It had been a very long time, Cordelia thought, since anyone had tried to bribe her with such open contempt. Setting aside that any occupation of Callowan land would turn into a brutal grind of constant banditry and rebellions – they were, for the Heavens’ sake, a people that prided themselves on inheriting grudges from generation to generation – Cordelia had absolutely no intention of annexing any part of Callow. Would she split it into several kingdoms? Absolutely. It was necessary to ensure that the Black Queen’s surviving partisans would not be able to mount any significant bid for power until her memory had faded among the populace and could no longer serve as an effective rallying cry. There were already separatist currents within the region, anyway. The northern baronies were near a kingdom of their own, the Duchy of Daoine was independent even when it bothered to pretend otherwise, and most the south had remained under aristocratic rule until mere years ago: the people there, unlike those who’d lived for decades under Imperial governors, had never entirely abandoned the old Callowan way of life. In the face of the insolent sitter’s gaffe, Cordelia allowed displeasure to touch her face for the first time since they’d begun this audience. She cocked an eyebrow and glanced at the other Ashuran.
“An interesting position,” she said, a mite coldly, “for the Thalassocracy to take. I am not in the habit of carelessly disposing of lands, nor do I take kindly to attempted bribes.”
The man looked like he’d plunged his hand into a brazier, and the look her sent at his colleague promised a hard conversation.
“My fellow sitter misspoke, Most Serene Highness,” he said. “It appears the coldness of these lands had inflicted her with some manner of fever. Please forget anything that was said.”
“I am saddened to hear that the weather has left Sitter Adonia indisposed,” Cordelia said pleasantly. “Perhaps she should be allowed to rest, I simply could not bear to be responsible for the ill-health of a treasured ally.”
The woman looked furious, but after locking eyes with the other envoy she bit her tongue.
“We would not impose on your patience any longer, First Prince,” the man said. “Yet before we take our leave, might I raise a small matter?”
Cordelia debated instructing them to pass the request along to one of her officials as a polite chiding for the utter lack of manners Adonia had offered, but after a moment decided against it. Best to have Sitter Ahirom owe her a small favour instead. He was more malleable clay than most among his committee, and holding the debt without ever calling it in would make him more hesitant to contradict her in sessions where the Levantines were in attendance.
“It would be my pleasure,” she said, demurely inclining her head.
Ahirom’s smile was rueful. He knew very well what he’d just surrendered.
“A delegation of Speakers from the homeland has recently arrived in the city,” he said, if she hadn’t known they were coming months before they ever came in sight of Salia. “They mean to consult with the House of Light on some matter of theology. Might I trouble you for the throne’s permission?”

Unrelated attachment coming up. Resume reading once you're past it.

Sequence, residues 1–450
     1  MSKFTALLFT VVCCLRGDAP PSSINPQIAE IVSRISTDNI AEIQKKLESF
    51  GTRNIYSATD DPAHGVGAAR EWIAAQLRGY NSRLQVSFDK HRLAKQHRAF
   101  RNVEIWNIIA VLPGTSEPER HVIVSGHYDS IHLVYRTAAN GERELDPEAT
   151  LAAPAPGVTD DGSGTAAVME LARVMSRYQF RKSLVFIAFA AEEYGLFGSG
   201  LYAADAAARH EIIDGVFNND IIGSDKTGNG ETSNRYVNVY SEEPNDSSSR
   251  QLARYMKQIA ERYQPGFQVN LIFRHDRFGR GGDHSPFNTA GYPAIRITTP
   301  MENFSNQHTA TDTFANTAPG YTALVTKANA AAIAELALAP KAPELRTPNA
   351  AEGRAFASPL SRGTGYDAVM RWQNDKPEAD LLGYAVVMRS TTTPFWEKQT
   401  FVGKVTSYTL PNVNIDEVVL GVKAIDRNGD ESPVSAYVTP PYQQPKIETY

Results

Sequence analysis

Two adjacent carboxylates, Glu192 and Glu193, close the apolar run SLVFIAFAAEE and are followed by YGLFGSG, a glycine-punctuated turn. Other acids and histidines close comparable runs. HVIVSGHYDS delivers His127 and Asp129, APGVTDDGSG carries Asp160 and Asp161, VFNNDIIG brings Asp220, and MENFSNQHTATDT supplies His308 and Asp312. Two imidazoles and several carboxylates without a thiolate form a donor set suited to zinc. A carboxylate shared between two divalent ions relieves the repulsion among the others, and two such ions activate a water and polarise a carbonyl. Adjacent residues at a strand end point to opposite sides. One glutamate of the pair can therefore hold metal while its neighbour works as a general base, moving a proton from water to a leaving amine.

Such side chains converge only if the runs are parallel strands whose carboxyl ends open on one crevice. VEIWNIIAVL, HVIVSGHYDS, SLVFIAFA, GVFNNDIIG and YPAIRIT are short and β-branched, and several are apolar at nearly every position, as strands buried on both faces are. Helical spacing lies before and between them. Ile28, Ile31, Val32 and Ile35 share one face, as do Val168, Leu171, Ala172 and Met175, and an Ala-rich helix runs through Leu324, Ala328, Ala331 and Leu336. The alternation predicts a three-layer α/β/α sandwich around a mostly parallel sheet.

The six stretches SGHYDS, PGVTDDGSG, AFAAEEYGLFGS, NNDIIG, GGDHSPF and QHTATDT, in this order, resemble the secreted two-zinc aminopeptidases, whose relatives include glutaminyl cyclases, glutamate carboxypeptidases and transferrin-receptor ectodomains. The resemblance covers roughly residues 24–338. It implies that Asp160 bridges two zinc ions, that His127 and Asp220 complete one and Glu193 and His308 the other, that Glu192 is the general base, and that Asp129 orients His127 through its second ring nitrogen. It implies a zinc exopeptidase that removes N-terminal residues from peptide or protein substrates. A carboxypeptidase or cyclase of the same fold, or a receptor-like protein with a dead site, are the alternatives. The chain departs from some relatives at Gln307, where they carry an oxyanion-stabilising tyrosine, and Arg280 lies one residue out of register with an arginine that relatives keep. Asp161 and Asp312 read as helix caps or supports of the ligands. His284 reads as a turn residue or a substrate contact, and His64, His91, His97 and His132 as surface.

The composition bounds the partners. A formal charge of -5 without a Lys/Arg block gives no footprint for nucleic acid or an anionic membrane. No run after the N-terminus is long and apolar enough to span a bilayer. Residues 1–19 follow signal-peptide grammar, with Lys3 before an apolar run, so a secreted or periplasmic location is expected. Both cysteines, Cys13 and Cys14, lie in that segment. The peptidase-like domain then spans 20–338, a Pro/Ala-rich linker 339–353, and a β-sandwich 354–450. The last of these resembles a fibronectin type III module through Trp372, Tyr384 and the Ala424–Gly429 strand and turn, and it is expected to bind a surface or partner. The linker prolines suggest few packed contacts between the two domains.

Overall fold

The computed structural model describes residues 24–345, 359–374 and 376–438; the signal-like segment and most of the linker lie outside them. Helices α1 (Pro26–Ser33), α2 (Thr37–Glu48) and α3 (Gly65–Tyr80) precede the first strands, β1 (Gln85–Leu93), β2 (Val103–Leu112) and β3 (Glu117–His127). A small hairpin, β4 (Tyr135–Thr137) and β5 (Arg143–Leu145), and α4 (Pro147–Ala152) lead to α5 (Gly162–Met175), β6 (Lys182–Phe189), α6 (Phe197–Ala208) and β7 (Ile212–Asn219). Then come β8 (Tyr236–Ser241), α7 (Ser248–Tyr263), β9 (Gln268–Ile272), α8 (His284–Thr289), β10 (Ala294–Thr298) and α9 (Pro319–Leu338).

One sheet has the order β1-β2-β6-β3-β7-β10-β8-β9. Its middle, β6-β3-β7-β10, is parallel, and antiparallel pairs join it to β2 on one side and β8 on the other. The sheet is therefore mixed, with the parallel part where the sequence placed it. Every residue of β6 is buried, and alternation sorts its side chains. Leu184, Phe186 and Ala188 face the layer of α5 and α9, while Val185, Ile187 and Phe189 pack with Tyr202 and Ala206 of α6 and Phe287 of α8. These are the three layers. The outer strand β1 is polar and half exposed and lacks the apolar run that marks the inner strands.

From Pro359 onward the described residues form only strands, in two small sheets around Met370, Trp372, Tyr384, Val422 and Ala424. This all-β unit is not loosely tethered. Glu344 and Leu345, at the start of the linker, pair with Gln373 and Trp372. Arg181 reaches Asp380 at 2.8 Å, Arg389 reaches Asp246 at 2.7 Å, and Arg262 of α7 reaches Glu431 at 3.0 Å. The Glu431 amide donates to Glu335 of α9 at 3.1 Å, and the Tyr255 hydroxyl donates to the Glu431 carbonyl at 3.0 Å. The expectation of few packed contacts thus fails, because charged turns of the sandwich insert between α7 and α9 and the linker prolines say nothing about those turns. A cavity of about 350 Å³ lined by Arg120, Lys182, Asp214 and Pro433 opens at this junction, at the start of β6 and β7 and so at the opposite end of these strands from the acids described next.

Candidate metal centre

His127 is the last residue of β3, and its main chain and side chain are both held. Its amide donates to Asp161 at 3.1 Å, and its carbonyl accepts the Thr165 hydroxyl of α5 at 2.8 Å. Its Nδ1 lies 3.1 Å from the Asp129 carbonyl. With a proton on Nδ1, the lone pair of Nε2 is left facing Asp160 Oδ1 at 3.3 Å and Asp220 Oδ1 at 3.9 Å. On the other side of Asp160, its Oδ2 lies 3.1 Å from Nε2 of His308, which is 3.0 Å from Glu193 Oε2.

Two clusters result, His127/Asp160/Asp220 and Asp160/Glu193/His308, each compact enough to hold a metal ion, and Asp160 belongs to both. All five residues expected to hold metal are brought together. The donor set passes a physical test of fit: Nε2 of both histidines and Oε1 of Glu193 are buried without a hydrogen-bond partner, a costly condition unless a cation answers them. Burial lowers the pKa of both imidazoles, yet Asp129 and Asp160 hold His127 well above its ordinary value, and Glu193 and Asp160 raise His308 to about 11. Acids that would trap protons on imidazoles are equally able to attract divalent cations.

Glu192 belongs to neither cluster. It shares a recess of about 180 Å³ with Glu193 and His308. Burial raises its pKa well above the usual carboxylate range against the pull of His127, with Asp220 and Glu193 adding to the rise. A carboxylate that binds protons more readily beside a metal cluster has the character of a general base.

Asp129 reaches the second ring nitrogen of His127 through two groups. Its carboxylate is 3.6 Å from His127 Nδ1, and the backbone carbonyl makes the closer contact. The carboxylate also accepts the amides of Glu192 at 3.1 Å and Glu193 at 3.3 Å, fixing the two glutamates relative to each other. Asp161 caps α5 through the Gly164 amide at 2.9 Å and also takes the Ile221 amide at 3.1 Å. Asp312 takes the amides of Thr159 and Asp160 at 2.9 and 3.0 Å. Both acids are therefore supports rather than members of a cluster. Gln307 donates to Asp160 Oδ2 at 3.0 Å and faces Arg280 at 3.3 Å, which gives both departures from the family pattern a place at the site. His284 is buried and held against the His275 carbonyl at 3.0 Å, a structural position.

The blonde Lycaonese brought the teacup to her lips, mind spinning. This was, in truth, something of an offered courtesy. She did not have the authority to forbid Proceran priests from holding council with the Ashuran cultists. Yet granting official permission would change the nature of the sessions held. It might become an official conclave, however unlikely such an affair was to take place – the Speakers were mystics prone to speaking in riddles, and had no patience for the many scriptures and theologies of the House of Light. In truth, the council would take place whatever she said. Best to give sanction, and in hosting the event on palace grounds ensure she had eyes and ears at the proceedings. If they turned to one of the many Salian cathedrals instead, inserting agents would be a tricky affair to accomplish without ruffling the feathers of the priests.
“You have it, of course,” Cordelia smiled. “It is but a small matter, Sitter Ahirom. I will naturally arrange accommodations, for I would not slight the famous sage-priests of Ashur.”
She set the affair aside, after the sitter left. She would keep an eye on the proceedings to ensure that whatever priestly squabble emerge did not threaten to spill over into Grand Alliance, but there were more pressing matters to see to. The Levantines were making noises about it being a breach of terms for their hosts to protect Proceran lands instead of taking the war to the Wasteland, ignoring the fact that they’d been asked to march on a Praesi army led by the Empress’ two finest generals, and she needed to convince the Princess of Tenerife she still had the full support of the throne without committing any more troops to the border with the League. Agnes sent for her just before nightfall. Cordelia did not hurry in a manner that would be unseemly, but immediately set aside any duties that were not essential. The moon was out when she joined her cousin in the palace gardens.
“Woe, Cordelia,” the Augur said. “Woe to the north and to the south. Sit and listen, before it is too late.”